The past year saw the COVID-19 pandemic bringing an unparalleled challenge which cut across all sectors on a global scale. Most, if not all, countries experienced major setbacks such as closure of businesses, loss of jobs and more tragically, loss of lives. However, like all challenges, this too will come to pass. The Philippines is no stranger to natural calamities and has always shown resilience in the face of adversity.
The pandemic was a rude awakening as it made us realize how we took a lot of the simple and basic things for granted. On a personal level, simple hand washing and practicing proper sanitation and hygiene was often neglected. On the level of buildings and similar facilities, proper ventilation, adequate open spaces and proper upkeeping practices were more of a “good to have” instead of a “must have”. Getting these things and practices done will be a part of the basic routine as we transition to the “new normal”.
Working from home, to some extent, will be part of the “new normal” in this period of pandemic. The requirement to practice “social distancing” has limited the number of people in certain locations at one time, especially in the office. Some employees were required to physically report to the office everyday. Others were required to report for work at regular intervals (e.g. one week in the office then one week at home, etc.). While some were to virtually report for work (i.e. work from home, work remotely outside the office).
While working from home may prove effective for some industries, working in the office would still be indispensable to others. Changes in the workplace need to be introduced and applied to address the requirement to practice “social distancing”. Being able to work efficiently in the office while adhering to the strict guidelines in place would require physical changes to the office itself and for the people working in them to adapt to these changes. Humans by nature are “social animals”. The need to physically interact in a physical environment, such as the office, will still remain in the foreseeable future.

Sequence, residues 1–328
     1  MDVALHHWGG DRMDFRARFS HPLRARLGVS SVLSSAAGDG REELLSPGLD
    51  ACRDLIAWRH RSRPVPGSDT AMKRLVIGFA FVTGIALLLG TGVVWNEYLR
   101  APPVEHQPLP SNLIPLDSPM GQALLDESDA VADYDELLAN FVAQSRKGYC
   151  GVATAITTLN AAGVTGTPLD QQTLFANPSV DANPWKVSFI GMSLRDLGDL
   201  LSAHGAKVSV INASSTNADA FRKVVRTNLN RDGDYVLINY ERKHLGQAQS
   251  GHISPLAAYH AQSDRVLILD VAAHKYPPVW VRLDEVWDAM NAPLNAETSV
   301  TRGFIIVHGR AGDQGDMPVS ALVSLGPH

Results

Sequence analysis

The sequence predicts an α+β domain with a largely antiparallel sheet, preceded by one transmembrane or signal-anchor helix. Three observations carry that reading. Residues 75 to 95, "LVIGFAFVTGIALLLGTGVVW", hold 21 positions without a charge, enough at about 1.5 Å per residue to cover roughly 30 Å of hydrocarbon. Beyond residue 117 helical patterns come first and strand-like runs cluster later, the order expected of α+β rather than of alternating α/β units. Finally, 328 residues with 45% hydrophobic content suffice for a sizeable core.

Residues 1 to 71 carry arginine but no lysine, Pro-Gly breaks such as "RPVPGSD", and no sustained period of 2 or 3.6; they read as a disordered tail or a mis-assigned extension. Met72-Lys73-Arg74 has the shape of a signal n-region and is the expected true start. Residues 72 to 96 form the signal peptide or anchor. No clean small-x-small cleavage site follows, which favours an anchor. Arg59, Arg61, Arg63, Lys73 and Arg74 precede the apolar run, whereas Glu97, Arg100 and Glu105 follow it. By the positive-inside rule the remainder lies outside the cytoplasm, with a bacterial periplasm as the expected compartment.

Opportunities have also risen over the past year. The lockdown experienced during the enhanced community quarantine (ECQ) highlighted the need to diversify to key locations outside of Metro Manila. The economy and the general public suffered severely as most of the activity which was centered in Metro Manila, were halted during the lockdown. In addition, Metro Manila was one of the areas which remained under ECQ the longest which made the situation worse. Diversifying to locations outside of Metro Manila will spread these activities and lessen the occurrences of disruptions on these whether by forces of nature (e.g. typhoons, earthquakes, volcanic eruptions, pandemic) or man-made events (e.g. protests, riots, demonstrations).
.Other opportunities have been around for quite some time but the need for them has been accelerated because of increased demand for some of the activities that they are able to service. Such has been the case with industrial and logistics property as well as data centers with the expansion of online transactions. Transacting online has decreased physical contact significantly and has been effective in reducing the transmission of the virus.
The REIT has been one of the more recent opportunities that have risen and is currently showing success with the performance of the AREIT, the lone REIT in the market today. Other developers may soon follow suit and hopefully the capital to be generated may be used fund new developments and jumpstart the real estate market and other related industries.
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